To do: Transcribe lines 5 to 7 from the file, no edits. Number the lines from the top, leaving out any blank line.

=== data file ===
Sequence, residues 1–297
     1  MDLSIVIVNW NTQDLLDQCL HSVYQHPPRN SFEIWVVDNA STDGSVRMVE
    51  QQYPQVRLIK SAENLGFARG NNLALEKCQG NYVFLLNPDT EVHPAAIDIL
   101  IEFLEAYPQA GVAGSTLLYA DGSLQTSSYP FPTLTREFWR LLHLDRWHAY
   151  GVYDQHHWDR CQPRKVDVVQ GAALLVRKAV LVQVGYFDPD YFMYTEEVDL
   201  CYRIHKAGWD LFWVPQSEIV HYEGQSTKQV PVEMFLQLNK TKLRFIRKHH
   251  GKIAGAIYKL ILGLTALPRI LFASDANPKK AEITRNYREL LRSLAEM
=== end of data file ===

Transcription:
   151  GVYDQHHWDR CQPRKVDVVQ GAALLVRKAV LVQVGYFDPD YFMYTEEVDL
   201  CYRIHKAGWD LFWVPQSEIV HYEGQSTKQV PVEMFLQLNK TKLRFIRKHH
   251  GKIAGAIYKL ILGLTALPRI LFASDANPKK AEITRNYREL LRSLAEM